Are There Racial Differences in How Physical Activity Affects Breast Cancer Survival?

Grantee: Cher Dallal, PhD
Institution: University of Maryland, College Park
Area of Research: Cancer Control and Prevention: Psychosocial and Behavioral Research
Grant Term: 1/1/17 to 12/31/21

The Challenge: Research shows that Black women and White women are diagnosed with breast cancer at about the same rate. Yet, more Black women die from the disease. Research also shows that how long women live after a diagnosis with breast cancer is linked to how much time they spend being both physically active and sitting (being sedentary).

So far, though, there isn’t much information about the physical status (physiology) of White women after treatment for breast cancer to know why they have higher survival rates. Nor is there much known about how getting regular physical activity affects breast cancer survival.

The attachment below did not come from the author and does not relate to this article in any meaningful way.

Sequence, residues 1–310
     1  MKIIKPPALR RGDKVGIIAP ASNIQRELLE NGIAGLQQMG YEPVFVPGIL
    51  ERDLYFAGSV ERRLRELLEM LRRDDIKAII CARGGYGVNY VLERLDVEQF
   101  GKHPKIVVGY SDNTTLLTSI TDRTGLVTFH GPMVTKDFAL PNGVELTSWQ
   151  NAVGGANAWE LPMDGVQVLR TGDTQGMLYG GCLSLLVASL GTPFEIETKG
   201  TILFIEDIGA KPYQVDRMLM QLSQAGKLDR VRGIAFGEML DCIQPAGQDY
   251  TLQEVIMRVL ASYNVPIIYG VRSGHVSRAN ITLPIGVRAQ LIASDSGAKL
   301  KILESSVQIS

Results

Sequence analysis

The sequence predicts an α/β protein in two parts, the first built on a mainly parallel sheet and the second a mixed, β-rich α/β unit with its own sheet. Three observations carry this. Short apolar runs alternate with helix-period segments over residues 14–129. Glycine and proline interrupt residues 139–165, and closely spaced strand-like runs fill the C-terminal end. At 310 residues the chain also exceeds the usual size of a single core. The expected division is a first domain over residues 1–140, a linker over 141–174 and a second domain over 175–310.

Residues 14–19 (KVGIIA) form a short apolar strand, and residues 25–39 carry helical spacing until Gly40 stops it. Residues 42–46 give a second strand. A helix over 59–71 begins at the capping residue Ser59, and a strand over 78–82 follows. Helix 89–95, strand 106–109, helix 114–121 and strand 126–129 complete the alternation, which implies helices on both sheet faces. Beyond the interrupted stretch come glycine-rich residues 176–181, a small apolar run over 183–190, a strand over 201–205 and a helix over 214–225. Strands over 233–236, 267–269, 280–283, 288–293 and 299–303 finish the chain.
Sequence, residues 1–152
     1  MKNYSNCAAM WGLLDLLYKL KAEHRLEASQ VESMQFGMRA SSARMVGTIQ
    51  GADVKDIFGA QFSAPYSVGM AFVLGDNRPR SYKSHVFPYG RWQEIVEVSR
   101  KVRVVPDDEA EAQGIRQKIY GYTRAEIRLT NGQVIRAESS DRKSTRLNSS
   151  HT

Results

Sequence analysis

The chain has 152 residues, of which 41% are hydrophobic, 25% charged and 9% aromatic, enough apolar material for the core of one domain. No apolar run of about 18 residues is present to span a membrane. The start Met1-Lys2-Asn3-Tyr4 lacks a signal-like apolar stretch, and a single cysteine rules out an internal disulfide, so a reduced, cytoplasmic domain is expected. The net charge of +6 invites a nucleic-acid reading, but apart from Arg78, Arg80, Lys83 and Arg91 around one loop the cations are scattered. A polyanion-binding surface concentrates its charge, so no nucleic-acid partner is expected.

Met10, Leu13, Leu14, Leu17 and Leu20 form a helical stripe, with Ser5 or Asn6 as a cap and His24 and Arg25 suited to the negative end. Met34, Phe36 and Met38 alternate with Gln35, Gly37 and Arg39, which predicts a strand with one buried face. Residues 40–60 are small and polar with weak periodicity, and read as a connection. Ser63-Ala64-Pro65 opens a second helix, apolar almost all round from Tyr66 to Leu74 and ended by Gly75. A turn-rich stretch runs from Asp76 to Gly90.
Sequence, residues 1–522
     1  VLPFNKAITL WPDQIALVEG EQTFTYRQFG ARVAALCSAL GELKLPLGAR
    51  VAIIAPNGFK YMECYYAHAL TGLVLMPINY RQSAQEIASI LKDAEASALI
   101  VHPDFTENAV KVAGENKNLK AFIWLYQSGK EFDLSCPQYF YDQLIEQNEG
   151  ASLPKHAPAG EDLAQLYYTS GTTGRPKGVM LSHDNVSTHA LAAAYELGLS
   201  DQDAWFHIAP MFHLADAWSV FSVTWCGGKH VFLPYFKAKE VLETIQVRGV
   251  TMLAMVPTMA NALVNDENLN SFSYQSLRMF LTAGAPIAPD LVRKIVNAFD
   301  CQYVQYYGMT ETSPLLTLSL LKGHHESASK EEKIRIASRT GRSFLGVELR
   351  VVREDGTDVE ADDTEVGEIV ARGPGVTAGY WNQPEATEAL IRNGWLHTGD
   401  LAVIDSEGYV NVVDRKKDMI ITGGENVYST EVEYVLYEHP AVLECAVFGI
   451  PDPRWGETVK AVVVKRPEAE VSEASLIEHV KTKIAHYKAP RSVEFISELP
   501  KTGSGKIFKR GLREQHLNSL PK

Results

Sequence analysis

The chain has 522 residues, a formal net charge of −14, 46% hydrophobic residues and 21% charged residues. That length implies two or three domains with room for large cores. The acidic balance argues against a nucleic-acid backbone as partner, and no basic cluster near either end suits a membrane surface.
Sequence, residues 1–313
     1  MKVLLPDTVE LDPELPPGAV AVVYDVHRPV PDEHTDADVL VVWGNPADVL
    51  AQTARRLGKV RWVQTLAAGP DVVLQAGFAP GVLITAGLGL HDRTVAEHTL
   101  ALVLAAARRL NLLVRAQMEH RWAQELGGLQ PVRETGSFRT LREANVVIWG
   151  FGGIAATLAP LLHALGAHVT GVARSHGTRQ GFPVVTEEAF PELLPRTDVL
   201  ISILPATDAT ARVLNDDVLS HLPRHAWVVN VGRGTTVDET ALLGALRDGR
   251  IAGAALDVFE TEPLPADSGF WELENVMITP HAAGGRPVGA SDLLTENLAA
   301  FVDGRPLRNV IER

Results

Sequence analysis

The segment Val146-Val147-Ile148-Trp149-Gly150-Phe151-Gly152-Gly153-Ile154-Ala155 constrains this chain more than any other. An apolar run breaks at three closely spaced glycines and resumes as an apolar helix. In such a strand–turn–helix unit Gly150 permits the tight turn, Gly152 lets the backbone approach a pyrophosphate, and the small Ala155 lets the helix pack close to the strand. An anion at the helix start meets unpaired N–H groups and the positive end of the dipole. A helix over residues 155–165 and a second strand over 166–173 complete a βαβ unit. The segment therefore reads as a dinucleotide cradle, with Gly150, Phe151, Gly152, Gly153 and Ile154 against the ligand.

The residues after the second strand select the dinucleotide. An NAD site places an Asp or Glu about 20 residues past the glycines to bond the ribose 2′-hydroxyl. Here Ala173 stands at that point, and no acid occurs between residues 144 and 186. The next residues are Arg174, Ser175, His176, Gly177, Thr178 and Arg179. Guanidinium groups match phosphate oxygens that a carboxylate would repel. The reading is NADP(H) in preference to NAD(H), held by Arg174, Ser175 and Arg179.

The Research: Cher Dallal, PhD, and her research team are trying to learn more. They’re studying postmenopausal breast cancer survivors who have completed treatment and who are wearing an activity monitor to track their activity behavior and levels. At the same time, they’ll have blood samples taken to see the effect that activity—or lack of it—has on physiology.

Dallal’s study group includes Black and White breast cancer survivors. What they expect to find is that there are racial differences in how activity level affects physiology.

To understand the physiology, the team is using the newer field of metabolomics, which looks at the substances produced when the body breaks down food, drugs, and hormones—called metabolites. 

The Goal and Long-term Possibilities: Dallal’s work may help explain some differences in breast cancer survival.  It may also stimulate more research, which may ultimately help Black women with breast cancer live longer.